From a student at the University of Chicago to one of the most well-respected sociology professors in the world, Howard Becker has made an enormous contribution to the symbolic interactionist tradition. His early work drew upon his experiences of performing as a jazz pianist, where he observed the patterns of negotiated order that were followed by musicians. This led on to his labelling theory of deviance, presented in his most influential book, Outsiders (1963). Here it was argued that there are no inherently deviant individuals or acts but rather that ‘social groups create deviance by making the rules whose infraction constitutes deviance’. This focus on the way identities are formed in interaction is also reflected in his studies of Art Worlds (1982) and student culture (Making the Grade, with Blanche Geer and Everett C. Hughes, 1968, reprinted with a new introduction 1995). Becker has also debunked some of the myths about academic writing (Writing for Social Scientists, 1986) and continues to produce delightfully entertaining and informative work.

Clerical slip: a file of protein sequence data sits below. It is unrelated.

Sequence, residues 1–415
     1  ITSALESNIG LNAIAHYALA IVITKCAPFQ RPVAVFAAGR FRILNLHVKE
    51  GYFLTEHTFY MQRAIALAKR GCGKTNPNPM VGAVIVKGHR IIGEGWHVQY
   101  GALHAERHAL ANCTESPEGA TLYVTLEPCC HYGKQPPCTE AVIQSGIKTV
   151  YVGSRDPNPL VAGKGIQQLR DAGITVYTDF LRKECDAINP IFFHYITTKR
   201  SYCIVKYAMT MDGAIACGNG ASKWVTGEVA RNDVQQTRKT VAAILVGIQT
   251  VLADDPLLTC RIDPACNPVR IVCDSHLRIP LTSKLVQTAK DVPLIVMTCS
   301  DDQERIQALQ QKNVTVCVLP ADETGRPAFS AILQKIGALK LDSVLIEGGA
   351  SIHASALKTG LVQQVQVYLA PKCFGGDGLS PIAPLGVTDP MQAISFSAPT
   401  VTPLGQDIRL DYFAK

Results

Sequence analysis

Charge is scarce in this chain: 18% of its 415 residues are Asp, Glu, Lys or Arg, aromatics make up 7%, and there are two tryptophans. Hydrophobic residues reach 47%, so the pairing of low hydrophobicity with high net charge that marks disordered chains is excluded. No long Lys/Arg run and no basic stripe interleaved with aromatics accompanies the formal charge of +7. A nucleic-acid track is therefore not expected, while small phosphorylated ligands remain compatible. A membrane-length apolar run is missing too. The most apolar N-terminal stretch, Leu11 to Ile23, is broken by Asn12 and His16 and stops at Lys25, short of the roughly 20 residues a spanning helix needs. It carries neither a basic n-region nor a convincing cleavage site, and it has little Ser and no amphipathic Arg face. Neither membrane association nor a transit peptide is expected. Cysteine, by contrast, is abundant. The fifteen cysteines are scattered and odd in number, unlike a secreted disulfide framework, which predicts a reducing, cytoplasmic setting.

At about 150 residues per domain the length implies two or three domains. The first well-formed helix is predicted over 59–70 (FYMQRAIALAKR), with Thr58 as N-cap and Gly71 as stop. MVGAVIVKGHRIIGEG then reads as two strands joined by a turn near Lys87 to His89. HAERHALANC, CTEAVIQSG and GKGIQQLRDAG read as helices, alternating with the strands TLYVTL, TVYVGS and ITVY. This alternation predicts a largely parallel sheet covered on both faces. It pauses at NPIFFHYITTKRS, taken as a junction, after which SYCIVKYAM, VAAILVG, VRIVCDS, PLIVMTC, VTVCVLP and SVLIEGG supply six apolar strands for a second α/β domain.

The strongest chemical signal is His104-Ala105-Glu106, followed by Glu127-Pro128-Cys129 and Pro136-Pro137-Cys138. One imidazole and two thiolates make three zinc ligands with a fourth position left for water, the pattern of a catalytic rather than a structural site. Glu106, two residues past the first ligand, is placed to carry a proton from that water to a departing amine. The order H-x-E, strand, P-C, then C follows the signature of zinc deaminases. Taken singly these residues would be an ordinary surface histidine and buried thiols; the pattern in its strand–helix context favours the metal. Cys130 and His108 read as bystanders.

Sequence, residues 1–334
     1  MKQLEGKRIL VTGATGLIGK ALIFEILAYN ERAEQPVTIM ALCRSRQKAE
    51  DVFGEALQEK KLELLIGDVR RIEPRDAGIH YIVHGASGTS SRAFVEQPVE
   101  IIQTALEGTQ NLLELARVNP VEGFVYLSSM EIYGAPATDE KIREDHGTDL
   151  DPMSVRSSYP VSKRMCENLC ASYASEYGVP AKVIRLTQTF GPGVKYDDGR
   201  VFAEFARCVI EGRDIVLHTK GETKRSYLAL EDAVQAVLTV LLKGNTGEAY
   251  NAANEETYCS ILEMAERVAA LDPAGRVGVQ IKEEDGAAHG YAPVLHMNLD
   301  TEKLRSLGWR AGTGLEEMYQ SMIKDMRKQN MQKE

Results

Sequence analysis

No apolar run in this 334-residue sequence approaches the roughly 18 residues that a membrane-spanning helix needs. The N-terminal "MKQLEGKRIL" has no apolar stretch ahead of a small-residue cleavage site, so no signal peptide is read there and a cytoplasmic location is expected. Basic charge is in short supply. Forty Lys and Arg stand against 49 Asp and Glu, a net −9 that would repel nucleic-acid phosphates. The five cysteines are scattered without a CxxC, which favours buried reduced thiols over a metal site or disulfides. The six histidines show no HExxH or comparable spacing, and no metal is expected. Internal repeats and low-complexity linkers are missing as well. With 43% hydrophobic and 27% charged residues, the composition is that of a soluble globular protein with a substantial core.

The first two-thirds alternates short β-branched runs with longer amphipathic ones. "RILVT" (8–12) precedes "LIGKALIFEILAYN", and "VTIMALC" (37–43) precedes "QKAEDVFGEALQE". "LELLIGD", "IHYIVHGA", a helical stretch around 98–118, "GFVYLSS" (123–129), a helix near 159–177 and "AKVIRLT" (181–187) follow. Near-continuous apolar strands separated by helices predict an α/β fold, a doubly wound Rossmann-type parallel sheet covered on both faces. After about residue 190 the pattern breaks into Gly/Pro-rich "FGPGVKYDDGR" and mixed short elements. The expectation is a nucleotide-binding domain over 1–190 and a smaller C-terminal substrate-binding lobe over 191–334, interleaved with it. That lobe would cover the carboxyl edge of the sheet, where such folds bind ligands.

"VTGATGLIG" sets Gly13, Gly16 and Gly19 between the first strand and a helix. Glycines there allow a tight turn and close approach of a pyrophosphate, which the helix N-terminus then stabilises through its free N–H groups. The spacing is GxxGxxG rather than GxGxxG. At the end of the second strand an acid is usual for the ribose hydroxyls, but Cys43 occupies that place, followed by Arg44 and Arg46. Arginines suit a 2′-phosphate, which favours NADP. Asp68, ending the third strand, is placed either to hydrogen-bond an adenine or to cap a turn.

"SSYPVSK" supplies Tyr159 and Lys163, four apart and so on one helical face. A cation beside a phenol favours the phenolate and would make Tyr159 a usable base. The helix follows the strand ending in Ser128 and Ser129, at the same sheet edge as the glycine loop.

http://home.earthlink.net/~hsbecker/ Howard Becker's home page, containing some recent papers and providing the opportunity to communicate with him.
Subjects: Social sciences